Sibling rivalries are as old as . . . well, you know. But if you like them with some extra snap, crackle and pop, your best bet is Howard Markel’s story of brothers John and Will Kellogg, who put Battle Creek, Michigan, on the map in the first half of the 20th century. In The Kelloggs: The Battling Brothers of Battle Creek, Markel tells their intertwined stories with a great deal of skill and flair, opening a window into both American societal history and the complications of familial relationships.
Born to a pioneer family in rural Michigan, the brothers ascended to the top of their chosen professions—medicine for John, business for Will. But with contrasting personalities and an eight-year age difference, they were at odds almost from the beginning—and certainly to the end. It makes for a sad family history, but entertaining reading.
John, interested in medicine from an early age, founded the famed Battle Creek Sanitarium, known as “The San,” which thousands of people flocked to, seeking relief from various ailments. Will, the younger of the two, bounced around a bit before finding his niche running the sanitarium—and, fatefully, helping John develop health foods, including a ready-to-eat cold cereal that would replace the hot mush most families consumed in those days. That’s where the fissure turned into a chasm, as Will went out on his own to found the Kellogg Company, today a multinational food behemoth. The sanitarium started going downhill during the Great Depression and eventually was converted into a federal center.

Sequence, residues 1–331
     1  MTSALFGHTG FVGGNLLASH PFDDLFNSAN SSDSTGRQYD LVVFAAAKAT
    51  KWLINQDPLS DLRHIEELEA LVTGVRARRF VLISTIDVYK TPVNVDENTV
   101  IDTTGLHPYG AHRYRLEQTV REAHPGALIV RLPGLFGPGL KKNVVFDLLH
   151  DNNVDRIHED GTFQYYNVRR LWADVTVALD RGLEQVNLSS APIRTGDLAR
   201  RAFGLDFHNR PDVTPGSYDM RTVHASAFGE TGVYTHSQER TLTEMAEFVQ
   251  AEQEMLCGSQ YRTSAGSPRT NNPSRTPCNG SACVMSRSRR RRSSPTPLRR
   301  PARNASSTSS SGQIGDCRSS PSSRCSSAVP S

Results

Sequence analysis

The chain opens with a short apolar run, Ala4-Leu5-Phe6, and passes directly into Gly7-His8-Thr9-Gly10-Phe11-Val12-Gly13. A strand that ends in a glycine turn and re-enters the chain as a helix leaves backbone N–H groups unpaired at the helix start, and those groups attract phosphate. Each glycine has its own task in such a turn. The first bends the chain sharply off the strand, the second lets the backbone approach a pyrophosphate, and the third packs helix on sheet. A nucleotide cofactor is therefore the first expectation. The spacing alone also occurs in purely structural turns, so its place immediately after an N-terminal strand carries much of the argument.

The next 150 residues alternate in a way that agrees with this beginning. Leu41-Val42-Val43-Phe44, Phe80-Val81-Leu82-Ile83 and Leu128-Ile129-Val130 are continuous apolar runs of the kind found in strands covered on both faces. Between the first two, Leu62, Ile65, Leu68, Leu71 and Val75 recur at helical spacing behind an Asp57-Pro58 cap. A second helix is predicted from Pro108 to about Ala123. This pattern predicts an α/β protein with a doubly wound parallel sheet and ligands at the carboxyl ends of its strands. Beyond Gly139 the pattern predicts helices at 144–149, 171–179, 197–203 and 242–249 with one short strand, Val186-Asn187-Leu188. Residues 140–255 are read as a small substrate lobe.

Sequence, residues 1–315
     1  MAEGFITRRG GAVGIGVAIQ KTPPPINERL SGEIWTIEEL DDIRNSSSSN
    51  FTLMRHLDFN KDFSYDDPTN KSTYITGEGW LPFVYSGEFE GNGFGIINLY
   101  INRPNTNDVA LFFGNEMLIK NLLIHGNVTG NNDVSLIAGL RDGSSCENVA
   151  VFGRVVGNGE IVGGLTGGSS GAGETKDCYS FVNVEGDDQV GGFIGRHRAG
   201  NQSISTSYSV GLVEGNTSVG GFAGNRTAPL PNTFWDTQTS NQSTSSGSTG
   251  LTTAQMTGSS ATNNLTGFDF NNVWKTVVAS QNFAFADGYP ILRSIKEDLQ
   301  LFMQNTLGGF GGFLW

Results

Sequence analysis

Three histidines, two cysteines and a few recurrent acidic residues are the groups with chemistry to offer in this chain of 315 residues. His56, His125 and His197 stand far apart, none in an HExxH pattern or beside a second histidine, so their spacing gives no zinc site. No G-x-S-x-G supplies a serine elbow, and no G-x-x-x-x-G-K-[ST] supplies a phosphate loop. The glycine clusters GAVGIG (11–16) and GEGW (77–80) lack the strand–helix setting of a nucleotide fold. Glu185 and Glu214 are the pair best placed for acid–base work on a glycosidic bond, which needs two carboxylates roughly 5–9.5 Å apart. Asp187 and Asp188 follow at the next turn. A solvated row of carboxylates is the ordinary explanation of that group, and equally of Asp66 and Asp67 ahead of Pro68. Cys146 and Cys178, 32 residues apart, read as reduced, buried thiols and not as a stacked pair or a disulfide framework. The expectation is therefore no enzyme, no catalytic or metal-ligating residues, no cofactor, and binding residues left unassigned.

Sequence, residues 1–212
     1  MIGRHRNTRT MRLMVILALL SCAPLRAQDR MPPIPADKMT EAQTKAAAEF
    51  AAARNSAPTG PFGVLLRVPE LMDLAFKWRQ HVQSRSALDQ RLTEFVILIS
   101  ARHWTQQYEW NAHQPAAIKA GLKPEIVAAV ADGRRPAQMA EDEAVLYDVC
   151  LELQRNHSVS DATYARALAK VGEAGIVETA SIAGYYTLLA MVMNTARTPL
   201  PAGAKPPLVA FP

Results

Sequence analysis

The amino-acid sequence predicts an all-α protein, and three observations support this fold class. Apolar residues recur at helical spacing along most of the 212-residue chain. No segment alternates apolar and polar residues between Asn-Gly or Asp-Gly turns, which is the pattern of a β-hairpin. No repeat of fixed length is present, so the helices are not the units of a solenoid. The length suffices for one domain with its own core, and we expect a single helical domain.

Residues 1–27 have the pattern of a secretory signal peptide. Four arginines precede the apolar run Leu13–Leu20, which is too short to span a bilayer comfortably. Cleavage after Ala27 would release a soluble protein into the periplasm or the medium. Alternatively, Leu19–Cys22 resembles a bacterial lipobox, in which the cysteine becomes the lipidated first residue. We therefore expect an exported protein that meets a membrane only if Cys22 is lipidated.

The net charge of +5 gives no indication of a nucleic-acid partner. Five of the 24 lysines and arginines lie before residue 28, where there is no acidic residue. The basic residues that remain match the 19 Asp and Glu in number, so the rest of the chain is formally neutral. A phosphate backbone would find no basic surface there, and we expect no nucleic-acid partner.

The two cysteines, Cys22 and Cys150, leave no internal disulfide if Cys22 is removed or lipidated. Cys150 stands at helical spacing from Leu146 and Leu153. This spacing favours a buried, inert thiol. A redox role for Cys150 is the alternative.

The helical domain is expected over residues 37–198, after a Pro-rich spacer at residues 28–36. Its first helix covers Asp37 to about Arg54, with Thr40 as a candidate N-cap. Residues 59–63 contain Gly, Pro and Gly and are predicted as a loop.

Markel, an NPR contributor and a physician himself, doesn’t take sides as he leads us through the family thicket, and there’s plenty of blame to go around, anyway.